The Turkish sabre-rattling is encouraged by the treasonous talk of withdrawal in Washington DC. They think we will leave Iraq soon, so they can come in, destroy Kurdistan, take Kirkuk and have the oil. If the forces of sanity prevail here, we will have permanent bases in Kurdistan to maintain strategic presence and help our Kurdish partners.
I fully agree with you.
The Kurdish people, though, need to recognize the gift that’s been given them in an independent Kurdistan complete with great natural resources. They should knock off aggravating the Turks, Iranians, and Syrians.
Turkey is prepared to move 140,000 troops to its border with Northern Iraq. The entire fighting force of the US in Iraq - including the surge - is 150,000. What chance do the Kurds have against the Turkish army - armed with US and Israeli weapons, I might add.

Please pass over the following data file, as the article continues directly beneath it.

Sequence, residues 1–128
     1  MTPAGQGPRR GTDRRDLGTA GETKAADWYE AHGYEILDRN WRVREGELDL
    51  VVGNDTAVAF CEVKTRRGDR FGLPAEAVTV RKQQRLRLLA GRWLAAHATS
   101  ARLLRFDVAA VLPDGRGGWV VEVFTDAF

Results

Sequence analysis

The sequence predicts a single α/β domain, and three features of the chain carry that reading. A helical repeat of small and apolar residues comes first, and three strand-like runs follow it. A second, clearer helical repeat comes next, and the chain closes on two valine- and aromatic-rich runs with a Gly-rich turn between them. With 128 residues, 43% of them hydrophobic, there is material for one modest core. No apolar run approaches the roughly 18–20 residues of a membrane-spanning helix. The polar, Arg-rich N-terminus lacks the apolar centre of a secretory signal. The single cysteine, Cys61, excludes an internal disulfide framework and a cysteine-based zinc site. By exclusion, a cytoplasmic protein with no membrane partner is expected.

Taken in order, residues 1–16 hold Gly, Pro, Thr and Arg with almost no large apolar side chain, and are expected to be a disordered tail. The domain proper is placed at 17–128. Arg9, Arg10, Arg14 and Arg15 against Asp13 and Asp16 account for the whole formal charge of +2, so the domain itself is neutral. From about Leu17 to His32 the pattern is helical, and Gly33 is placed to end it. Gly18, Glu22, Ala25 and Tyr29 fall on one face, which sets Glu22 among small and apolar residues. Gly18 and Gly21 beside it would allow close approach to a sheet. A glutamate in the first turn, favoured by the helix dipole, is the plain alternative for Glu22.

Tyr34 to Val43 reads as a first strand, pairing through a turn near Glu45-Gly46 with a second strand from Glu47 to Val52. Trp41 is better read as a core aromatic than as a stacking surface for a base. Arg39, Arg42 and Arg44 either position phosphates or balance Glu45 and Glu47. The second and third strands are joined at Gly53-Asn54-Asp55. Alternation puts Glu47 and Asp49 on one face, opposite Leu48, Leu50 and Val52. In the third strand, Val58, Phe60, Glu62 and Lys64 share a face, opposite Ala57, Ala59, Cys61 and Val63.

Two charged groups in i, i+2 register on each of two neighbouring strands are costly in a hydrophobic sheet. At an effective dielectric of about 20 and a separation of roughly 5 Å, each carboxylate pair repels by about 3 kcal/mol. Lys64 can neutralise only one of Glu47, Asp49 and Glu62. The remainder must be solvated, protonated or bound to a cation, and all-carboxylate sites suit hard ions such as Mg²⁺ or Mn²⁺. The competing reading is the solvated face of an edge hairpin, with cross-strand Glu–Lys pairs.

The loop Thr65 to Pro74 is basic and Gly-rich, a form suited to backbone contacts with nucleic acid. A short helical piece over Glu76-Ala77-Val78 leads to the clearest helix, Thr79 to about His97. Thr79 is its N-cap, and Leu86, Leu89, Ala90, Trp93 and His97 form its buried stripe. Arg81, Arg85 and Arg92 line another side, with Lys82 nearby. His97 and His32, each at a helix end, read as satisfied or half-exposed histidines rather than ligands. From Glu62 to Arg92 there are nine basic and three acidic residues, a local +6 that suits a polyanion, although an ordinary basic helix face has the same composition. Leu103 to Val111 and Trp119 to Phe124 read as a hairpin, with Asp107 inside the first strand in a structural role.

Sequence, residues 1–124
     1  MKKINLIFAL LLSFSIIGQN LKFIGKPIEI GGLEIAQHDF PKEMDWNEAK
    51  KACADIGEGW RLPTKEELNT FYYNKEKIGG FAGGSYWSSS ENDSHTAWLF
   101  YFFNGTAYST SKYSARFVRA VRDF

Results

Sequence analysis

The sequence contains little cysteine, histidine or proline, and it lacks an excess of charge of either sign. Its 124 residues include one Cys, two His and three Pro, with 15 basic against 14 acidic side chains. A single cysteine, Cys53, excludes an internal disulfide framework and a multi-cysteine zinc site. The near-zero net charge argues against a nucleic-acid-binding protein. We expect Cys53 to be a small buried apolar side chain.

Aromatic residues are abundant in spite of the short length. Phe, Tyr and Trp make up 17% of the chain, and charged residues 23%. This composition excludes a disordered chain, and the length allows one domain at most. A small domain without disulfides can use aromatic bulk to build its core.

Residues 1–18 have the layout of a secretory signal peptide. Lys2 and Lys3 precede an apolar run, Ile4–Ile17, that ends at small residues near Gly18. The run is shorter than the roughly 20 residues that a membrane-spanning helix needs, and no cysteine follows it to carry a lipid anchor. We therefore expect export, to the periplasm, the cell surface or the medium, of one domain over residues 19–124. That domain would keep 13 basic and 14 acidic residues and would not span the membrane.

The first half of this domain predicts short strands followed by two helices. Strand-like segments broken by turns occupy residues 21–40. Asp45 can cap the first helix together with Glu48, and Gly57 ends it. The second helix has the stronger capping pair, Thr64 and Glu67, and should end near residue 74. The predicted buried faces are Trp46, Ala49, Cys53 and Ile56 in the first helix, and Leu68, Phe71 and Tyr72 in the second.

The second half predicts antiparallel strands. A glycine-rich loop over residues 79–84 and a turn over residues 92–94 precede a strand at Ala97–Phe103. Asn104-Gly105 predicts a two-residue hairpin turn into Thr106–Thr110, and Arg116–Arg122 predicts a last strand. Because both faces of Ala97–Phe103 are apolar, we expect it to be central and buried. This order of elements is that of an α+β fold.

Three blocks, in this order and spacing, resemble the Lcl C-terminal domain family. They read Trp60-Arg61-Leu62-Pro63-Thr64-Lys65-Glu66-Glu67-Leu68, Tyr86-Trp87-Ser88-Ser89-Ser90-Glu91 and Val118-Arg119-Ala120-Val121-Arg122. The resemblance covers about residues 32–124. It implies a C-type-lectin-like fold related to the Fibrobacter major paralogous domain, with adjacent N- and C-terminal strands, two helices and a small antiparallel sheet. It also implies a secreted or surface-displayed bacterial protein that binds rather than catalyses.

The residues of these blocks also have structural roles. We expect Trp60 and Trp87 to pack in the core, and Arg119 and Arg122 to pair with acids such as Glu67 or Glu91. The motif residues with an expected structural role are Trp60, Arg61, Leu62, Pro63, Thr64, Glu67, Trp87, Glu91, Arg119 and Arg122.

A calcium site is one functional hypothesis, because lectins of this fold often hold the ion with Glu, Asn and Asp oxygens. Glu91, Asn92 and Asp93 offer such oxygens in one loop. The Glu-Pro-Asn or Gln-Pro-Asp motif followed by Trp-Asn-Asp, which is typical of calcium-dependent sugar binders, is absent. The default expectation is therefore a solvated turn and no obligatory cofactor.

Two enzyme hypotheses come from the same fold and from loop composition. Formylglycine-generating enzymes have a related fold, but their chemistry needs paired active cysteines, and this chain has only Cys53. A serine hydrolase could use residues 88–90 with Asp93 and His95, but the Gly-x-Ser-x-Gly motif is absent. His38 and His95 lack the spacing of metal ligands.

That is what we call ethnic cleansing. Genocide like the Armenian genocide should not be repeated by these evil Islamists. I also hope Constantinople will be liberated, and the lost territories of the Armenians returned. Turkey has not paid the price as Germany did.
I wish the Albanian Muslims attempting to steal Serbian Kosovo would listen to your advice and go home to Albania!
Of course, Albania doesn’t want them back, they know the folks stealing Kosovo represent the Jihadists and the worst of their criminal element.
Sorry, I replied to a different post.
I think Turkey would be just fine and dandy IF the Kurds would knock off their plots and schemes from inside Turkey.